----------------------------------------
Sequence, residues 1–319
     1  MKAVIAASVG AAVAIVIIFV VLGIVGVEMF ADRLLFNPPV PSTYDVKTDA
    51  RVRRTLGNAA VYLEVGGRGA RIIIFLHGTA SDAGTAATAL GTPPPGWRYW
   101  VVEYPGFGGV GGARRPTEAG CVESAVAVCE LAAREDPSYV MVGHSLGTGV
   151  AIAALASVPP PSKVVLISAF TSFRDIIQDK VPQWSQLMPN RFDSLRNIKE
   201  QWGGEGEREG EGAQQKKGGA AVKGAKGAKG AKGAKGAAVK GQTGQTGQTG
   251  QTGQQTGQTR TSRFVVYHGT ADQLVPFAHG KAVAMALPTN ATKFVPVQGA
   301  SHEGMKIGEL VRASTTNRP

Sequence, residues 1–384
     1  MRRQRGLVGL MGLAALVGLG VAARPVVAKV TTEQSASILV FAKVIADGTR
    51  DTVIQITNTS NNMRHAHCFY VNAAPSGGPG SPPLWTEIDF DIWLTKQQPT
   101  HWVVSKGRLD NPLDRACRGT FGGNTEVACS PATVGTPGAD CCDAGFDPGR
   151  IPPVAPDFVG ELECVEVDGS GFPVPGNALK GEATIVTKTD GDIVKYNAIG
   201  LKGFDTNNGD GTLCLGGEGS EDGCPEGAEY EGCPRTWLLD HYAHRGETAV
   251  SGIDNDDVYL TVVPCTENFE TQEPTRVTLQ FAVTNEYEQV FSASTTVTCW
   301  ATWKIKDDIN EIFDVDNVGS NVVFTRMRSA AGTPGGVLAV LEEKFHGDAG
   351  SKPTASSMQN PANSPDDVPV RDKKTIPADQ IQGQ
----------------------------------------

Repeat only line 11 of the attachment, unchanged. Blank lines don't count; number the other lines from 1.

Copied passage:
    51  DTVIQITNTS NNMRHAHCFY VNAAPSGGPG SPPLWTEIDF DIWLTKQQPT